"There's a little bit of design restriction that you don't have with a stick-built home," McClure said. "But if you can build these homes to go 60 miles per hour down the highway, that's pretty good."

Modular homes make sense particularly in rural areas, where it's difficult to deliver materials, he said.

Modular is known for great structural strength, said Don Carlson, spokesman for Automated Builder magazine, a trade publication.

"It is by far the strongest home," not only because it is built to withstand the rigors of shipping but also because of reinforced glue-nailed sheathing, Carlson said.

Some industry experts prefer "systems-built" to modular because people confuse modular with mobile.

Mobile connotes trailer parks. Or, "an old tin box on the wrong side of the tracks," Carlson said.

Even mobile homes, which are built to federally mandated standards, have come a long way, he said. Modular homes are built to state and local building codes.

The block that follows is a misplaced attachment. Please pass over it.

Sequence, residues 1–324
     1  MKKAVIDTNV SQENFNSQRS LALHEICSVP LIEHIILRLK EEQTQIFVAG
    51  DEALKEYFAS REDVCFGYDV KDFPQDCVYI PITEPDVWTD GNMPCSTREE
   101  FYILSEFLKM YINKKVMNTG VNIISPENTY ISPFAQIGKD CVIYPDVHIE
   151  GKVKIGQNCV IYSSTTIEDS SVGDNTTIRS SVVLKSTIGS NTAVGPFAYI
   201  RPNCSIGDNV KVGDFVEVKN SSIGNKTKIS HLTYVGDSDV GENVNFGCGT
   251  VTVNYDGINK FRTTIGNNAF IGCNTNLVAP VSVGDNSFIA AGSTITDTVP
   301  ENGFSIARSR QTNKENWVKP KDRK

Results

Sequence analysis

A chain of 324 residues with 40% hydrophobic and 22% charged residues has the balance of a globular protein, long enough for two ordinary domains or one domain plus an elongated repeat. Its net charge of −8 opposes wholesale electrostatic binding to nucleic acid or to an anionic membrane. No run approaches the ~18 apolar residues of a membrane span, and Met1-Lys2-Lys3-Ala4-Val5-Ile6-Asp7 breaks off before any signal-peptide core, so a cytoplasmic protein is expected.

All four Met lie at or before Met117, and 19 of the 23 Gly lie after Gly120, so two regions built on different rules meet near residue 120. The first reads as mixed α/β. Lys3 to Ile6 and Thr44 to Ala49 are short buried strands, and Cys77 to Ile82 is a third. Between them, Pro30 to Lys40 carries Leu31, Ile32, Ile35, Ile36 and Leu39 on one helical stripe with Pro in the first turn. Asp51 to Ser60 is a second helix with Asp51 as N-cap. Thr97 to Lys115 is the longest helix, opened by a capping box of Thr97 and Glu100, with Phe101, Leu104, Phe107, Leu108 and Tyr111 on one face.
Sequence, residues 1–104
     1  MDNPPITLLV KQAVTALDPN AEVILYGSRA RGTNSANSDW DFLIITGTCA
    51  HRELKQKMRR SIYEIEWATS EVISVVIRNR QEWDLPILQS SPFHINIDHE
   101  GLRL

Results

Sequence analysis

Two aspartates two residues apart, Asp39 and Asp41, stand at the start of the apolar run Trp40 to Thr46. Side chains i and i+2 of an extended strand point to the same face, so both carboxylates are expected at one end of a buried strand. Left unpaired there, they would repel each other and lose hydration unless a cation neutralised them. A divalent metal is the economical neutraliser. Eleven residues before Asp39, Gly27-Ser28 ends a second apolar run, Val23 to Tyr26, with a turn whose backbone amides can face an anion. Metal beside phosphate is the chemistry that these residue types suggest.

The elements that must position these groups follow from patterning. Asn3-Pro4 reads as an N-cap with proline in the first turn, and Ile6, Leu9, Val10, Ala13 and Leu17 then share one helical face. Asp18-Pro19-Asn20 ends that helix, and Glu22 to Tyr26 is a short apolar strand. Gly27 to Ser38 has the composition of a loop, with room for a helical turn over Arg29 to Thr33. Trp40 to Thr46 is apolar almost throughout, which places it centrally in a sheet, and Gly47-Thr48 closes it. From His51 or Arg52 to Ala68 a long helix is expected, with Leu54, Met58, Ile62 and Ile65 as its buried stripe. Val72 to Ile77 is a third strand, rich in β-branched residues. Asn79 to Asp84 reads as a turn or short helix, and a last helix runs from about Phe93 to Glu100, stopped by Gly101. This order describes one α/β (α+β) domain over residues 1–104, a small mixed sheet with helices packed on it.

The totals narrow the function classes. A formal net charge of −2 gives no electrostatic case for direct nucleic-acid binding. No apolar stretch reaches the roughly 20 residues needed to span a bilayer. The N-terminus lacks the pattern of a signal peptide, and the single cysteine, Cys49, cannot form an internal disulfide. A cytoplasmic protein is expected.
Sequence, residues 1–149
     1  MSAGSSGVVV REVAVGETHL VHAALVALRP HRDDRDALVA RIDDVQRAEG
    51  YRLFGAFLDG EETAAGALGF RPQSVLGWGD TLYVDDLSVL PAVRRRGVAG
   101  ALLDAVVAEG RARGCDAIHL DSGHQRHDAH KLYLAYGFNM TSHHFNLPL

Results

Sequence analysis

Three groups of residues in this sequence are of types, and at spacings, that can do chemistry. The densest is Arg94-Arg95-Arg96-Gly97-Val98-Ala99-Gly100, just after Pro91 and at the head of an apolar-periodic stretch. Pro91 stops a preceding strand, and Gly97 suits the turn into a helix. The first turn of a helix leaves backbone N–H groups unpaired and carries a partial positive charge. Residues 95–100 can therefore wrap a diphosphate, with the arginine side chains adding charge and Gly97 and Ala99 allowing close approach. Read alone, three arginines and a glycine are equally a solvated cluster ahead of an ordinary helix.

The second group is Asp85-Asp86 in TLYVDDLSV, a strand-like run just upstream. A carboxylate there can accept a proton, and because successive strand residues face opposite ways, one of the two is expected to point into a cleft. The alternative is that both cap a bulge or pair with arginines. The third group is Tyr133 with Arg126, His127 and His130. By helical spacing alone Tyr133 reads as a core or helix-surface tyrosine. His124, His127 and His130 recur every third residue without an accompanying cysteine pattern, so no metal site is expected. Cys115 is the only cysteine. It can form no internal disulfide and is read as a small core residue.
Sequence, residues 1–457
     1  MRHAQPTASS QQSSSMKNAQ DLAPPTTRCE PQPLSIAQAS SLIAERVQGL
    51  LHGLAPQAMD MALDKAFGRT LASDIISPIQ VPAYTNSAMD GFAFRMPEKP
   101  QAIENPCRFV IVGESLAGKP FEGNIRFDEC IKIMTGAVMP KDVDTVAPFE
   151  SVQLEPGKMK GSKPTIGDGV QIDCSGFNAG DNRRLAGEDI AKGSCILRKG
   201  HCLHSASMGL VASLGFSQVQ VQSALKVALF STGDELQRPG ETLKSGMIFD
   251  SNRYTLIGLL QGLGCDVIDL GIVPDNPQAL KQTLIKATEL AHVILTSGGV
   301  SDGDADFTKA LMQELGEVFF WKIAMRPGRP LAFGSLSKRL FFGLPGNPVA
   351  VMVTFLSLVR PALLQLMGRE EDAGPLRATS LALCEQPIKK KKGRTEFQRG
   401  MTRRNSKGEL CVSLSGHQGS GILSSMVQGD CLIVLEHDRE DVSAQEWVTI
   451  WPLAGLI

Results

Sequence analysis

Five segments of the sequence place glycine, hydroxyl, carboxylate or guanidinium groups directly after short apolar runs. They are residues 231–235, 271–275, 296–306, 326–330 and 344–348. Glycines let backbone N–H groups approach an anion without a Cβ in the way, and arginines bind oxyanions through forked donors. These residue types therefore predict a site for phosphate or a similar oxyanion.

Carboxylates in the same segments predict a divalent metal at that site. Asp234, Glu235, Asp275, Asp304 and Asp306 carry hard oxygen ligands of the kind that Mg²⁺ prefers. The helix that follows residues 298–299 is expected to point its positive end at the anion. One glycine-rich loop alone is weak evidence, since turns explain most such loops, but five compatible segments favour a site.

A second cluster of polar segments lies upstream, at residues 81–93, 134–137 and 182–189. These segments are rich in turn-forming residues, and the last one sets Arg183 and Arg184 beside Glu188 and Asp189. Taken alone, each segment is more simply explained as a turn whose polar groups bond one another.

"We despise the word 'modular,' " said Thomas Searson, Richmond regional sales manager for Mod-U-Kraf.

"Our homes appreciate in value. They are built to the same standards, if not higher, than a conventional stick-built home."

Some residential communities forbid modular home building in their rules. "That's because the covenants were written 10 years ago," Searson said.

Eric Kean did his homework before he contracted for a modular home in Ford's Colony. He went to a plant where modules were built.

"At the end of the day, I tried shooting holes in it right and left," Kean said. "But modular homes are better built, and you get a better bang for your buck."

His house appraised for $150,000 more than the cost, he said.